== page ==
Object Oriented PHP

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Hello again,

I have written three classes : validate.class.php,  
report_handler.class.php, sentry.class.php.

The problem is that the "validate" class uses the "reporting" class and  
the "sentry" uses the "validate" that uses the "reporting".

So I end up having something like that inside sentry.class.php:

But although that's working... it doesn't seem to be really OO :p

So can you tell me what I can do ?

If what I am saying doesn't make any sense at all... let me know and I  
will try to explain it better.

Bellow I have some snippets from each class that may help you to  
understand what I am trying to do.
class report_handler {
    /*    This Function populates the array with reports (ERRORS,MESSAGES)
    *    Syntax: setReport($reportType,$string)
    function setReport($reportType,$string='')    {
        if($this->validateReportTypes($reportType)) {
            $this->report[$this->counter] = array( 'category' => $reportType,
                                                   'description' => $string);
            echo "Report type '".$reportType."' is not valid";
    /* Output the report to the user
    function getReport() {
            foreach($this->report as $i => $value)
                echo "<pre>".
                $value['category'].': '.
/*****************END of class report_handler********************/

class validate {

    function validate()
        $this->report = new report_handler();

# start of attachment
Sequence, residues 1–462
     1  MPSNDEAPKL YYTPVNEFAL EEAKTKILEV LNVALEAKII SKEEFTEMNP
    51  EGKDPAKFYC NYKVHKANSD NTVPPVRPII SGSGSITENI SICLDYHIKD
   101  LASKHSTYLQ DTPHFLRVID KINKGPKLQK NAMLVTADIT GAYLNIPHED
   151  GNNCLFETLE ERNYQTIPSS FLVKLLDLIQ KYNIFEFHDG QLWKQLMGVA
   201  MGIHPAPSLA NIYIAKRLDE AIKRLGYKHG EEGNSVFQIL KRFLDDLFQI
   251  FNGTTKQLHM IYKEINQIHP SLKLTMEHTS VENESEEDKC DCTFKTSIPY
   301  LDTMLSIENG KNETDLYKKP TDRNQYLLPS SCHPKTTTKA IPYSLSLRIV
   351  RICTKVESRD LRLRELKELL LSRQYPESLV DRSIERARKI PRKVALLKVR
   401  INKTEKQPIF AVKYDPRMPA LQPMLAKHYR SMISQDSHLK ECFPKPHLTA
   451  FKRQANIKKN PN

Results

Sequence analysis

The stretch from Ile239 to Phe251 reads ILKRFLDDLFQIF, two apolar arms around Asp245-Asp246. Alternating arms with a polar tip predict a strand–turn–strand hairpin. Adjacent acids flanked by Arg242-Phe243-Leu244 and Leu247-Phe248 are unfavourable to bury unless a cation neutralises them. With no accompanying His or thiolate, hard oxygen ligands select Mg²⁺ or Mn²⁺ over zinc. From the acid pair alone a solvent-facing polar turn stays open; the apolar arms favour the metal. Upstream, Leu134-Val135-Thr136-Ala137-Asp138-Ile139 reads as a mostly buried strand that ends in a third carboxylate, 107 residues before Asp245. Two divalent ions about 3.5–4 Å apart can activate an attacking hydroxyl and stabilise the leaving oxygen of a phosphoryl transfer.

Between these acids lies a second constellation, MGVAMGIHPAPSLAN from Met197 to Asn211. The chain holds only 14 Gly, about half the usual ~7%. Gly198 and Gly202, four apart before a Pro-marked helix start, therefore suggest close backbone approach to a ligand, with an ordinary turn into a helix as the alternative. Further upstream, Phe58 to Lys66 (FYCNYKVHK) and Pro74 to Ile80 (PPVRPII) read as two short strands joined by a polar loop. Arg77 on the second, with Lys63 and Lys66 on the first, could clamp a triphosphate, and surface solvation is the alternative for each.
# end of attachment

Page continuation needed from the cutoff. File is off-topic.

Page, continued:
function checkEmail($email)
        // checks proper syntax
            $this->report->setReport('Error','Syntax Error');
            return false;
/*****************END of class validate ********************/
class sentry {
    var $user_id;
    var $session_timeout;
    function sentry()
        $this->report = new report_handler;
    function validateLoginForm()
        $validate = new validate();
            $this->loginUserName = $_POST['email'];
            $this->loginPassword = $_POST['passwd'];
            return true;
            return false;
/*****************END of class sentry********************/

Thanks a lot for reading and for any help you may provide.

Re: Object Oriented PHP

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Sure it is.  OO is just as much aggregation and composition as it is
inheritance.  In fact, inheritance limits you in that you can't change
the inheritance at runtime (well, in PHP you can, but OO purists would
have a heart attack).  You can modify the composition, however.

In your case, you could mimic your "uses" idea with inheritance.  For
instance, you could have validate extend reporting and have sentry
extend validate.  But you also need to consider if this makes sense.
Is sentry really a more specific instance of validate?  Is validate
really a more specific instance of report?  I think the answer is no.
You probably want to use validate with things other than reports.

Based on your example, I think you could probably make validate() a
static method and pass it a report object as a parameter.  Or better
yet, create an interface (or abstract class) called "Validatable" or
something.  This interface should define all the methods you might need
to validate something (such as getContent(), getEmail(), or
setError()).  The report class can then implement/extend Validatable.
Then, inside your validate() method, check that the parameter is an
instance of Validatable and do what you need to do.  This way, you can
make anything validatable (an email address, form input, etc.) and just
pass it in.

Re: Object Oriented PHP

i wouldn't use the variable report directly.

i'd make:

and in class validate, make a method:
function getReport(){

seems a little more OO to me